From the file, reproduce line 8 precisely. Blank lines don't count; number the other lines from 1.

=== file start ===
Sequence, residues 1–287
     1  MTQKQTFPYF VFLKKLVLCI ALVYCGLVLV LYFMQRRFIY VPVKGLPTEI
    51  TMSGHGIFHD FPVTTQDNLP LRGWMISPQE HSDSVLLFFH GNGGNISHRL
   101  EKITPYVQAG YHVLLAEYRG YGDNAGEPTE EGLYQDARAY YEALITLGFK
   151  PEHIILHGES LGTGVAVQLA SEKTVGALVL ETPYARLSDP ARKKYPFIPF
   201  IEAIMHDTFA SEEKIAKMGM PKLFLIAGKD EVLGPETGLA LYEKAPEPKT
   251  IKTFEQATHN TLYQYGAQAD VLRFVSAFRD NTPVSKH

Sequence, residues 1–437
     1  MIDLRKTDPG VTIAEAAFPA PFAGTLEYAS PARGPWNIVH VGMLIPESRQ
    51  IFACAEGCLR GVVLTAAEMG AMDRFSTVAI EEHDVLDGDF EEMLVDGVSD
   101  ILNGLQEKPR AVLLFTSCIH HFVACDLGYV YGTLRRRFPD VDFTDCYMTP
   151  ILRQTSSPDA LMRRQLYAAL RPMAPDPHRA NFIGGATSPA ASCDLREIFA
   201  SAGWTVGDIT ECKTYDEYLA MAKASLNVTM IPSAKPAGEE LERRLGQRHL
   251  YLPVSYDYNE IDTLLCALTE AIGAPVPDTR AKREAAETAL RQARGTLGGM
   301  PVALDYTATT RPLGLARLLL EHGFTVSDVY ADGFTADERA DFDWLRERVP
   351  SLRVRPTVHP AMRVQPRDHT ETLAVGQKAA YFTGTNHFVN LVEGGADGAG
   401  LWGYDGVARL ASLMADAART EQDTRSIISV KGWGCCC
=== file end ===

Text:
Sequence, residues 1–437